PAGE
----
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Score: 97%
ESRB: Everyone
Publisher: Ubisoft Entertainment
Developer: Q Entertainment
Media: UMD/1
Players: 1 - 2
Genre: Puzzle

Graphics & Sound:
Tetris is sometimes credited as being one of the key factors in the success of the original GameBoy. With this in mind, it's fitting that the PSP, the next generation of handheld gaming, would ship with a game that can be considered the next generation of puzzle games. The brainchild of Tetsuya Mizuguchi, the mind behind the cult hit Rez, Lumines is a fusion of sound, lights and mind-bending puzzles that is easy to play, but that doesn't mean you'll master it anytime soon.

Presentation is a big part of what makes Lumines stand out among other puzzle games. The display is as simple as the game's premises; you have colored blocks that you're trying to match into groups. As you progress through the game, the entire presentation will shift, giving you a completely new experience. Each time you transition to a new "level", the entire screen phases into another skin. The effect makes you feel like you're actually accomplishing something and moving on in the game.

Backgrounds and music blend together into a light show complete with all kinds of pyrotechnics going off. With all these lights and sounds going off, you'd expect that it would distract you from puzzle solving. With the exception of maybe one or two skins (the VR one springs to mind), distractions are kept to a minimum and let you concentrate on the gameplay.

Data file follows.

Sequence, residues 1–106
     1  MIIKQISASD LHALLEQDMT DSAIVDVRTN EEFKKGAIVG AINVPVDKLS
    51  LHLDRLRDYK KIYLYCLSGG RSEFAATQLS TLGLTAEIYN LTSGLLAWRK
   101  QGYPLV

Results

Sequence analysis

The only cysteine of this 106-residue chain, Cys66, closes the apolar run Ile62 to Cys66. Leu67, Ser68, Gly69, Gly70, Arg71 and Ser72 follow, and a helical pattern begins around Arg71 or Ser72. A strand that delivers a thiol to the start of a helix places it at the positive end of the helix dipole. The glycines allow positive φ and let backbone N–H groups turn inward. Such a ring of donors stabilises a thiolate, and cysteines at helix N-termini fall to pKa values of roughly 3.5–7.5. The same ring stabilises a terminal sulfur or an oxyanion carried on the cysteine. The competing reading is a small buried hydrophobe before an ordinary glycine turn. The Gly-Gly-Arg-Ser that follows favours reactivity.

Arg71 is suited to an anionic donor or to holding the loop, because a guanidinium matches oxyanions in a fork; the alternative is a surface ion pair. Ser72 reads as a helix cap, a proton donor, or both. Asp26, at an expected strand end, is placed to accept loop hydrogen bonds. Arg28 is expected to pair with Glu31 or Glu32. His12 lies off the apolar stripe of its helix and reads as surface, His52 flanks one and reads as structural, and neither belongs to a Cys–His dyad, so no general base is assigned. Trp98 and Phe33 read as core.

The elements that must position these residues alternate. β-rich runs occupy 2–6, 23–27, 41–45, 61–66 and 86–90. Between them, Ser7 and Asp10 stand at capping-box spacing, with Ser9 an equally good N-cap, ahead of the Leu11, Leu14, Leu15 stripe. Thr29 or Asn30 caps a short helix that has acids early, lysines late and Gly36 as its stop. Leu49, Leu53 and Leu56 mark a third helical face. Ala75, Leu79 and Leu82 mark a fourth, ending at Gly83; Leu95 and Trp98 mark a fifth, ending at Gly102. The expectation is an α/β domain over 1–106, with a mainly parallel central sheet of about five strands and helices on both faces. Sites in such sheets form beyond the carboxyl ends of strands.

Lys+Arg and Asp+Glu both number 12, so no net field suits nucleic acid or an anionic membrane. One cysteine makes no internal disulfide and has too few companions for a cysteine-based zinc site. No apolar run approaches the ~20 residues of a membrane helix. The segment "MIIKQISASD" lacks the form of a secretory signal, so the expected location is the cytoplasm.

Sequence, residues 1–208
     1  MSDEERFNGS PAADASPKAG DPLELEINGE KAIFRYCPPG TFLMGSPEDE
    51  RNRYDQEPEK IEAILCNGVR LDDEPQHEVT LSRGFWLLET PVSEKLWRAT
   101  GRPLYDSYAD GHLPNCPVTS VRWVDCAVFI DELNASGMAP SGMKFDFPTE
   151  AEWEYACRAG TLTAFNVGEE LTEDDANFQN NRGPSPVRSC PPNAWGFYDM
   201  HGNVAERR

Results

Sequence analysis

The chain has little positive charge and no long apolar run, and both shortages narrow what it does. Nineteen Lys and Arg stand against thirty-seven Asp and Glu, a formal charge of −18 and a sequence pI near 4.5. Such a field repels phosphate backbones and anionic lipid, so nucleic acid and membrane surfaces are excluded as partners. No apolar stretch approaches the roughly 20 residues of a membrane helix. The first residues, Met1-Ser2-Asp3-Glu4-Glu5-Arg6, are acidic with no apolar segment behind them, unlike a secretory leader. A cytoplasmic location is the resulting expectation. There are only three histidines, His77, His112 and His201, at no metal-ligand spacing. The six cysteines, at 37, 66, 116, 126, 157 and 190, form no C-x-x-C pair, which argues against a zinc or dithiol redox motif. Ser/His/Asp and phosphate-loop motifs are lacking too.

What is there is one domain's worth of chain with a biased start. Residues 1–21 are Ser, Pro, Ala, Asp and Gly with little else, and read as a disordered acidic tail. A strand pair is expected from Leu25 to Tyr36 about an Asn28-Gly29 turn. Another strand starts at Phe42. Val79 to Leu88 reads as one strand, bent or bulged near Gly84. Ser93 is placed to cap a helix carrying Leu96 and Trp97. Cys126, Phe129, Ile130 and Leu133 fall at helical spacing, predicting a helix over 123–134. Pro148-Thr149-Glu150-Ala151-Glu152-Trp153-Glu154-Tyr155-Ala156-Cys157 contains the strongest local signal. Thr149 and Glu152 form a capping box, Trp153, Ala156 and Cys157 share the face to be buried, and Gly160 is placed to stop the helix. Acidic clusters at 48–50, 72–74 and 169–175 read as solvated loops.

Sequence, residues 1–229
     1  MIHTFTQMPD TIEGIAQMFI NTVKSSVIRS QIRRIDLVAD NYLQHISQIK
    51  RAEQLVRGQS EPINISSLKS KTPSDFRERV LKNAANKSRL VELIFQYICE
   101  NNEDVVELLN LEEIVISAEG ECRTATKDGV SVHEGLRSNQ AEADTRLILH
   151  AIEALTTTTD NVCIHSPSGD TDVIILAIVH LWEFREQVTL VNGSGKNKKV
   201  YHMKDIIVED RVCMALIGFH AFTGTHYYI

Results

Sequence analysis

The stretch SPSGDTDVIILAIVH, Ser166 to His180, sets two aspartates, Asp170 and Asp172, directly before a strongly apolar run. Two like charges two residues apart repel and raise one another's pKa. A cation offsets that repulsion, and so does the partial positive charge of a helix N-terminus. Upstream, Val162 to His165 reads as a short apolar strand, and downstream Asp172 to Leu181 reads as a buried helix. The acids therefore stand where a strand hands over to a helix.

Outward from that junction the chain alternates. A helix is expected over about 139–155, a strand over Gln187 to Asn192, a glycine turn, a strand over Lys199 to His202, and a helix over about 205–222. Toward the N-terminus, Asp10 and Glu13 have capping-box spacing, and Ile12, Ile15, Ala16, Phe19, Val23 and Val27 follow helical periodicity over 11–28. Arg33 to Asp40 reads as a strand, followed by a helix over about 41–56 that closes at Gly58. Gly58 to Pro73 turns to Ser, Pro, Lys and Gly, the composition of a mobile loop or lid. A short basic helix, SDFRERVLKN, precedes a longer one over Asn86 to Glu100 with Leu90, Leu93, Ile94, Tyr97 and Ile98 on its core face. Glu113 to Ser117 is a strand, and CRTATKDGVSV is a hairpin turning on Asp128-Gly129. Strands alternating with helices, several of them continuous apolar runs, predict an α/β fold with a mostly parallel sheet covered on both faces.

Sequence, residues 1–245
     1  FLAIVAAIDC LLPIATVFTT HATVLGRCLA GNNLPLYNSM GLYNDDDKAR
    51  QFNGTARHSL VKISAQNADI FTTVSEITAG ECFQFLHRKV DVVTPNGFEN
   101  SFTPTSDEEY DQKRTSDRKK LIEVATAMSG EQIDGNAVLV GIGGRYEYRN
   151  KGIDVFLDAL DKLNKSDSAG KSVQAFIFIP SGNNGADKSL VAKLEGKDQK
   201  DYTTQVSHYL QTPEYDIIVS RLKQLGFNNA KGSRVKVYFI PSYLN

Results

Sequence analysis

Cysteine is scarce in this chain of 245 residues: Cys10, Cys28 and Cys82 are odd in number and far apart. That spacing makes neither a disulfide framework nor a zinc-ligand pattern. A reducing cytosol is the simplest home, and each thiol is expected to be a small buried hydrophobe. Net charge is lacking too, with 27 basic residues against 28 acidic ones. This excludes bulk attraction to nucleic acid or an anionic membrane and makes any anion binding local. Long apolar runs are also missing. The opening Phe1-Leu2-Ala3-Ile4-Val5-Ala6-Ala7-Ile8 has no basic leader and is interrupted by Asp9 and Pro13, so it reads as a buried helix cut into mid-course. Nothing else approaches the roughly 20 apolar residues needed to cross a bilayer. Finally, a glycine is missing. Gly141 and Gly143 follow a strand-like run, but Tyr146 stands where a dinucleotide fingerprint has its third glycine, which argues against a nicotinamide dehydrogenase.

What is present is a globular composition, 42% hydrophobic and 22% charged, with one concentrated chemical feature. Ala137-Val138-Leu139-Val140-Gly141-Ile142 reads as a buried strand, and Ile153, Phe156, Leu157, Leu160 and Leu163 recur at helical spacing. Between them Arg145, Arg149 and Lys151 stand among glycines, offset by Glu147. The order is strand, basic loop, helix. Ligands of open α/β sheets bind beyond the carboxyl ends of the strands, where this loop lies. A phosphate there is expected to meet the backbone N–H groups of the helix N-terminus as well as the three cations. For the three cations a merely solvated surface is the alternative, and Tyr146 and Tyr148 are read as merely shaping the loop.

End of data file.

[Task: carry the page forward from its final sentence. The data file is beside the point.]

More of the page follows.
Music plays a big part in both keeping you around and turning up the pressure. As the blocks begin to stack up and you're in danger of losing, parts of the soundtrack will cut out, keeping to just the central rhythm. The effect is small, but ends up adding real weight to the game, as if the soundtrack itself was holding its breath. If you manage to knock your piles to a safe level, the soundtrack will exhale and kick back in at full throttle. The soundtrack is more techno/trance music, which may or may not appeal to everyone. I've personally never cared for it, but liked it within the confines of the game.

Like Tetris, gameplay is very straightforward and easy to jump into. The basic concept is to match up like-colored blocks into squares and rectangles. As you match blocks, a line called the Time Line will scan across the screen and clear away any matches you've made. Every once in awhile special blocks will show up which, when cleared, will also remove all blocks of the same color that may be touching the cleared square. Since you are able to see the next three blocks in your queue, you can usually set up some really slick combos that can -- if you time it right -- clear out large sections of the screen (and net you some nice bonus points).

Lumines offers a few different play modes, adding even more replay value to an already addictive game. A bulk of the modes are built around the single-player experience, although a two-player option is also available for those who want to hook up with a friend (provided they have the game as well). Challenge is sort of the core game mode and is where you'll unlock most of the skins available in the game. It's also the longer of the available game modes since you're not timed. This mode is essentially an endless version where you keep clearing blocks as long as you can. Each time you hit a certain score, the background and music will change. The only problem I was able to find with this mode was that if you lose, you're forced to go all the way back to the beginning. I can see why the game works this way, but would have at least liked the option to start at a mid-point, maybe at every fifth skin. Not only would it make the game friendlier to the more casual puzzle gamer, but it gets frustrating to get really far only to have to shut the game down to do something else.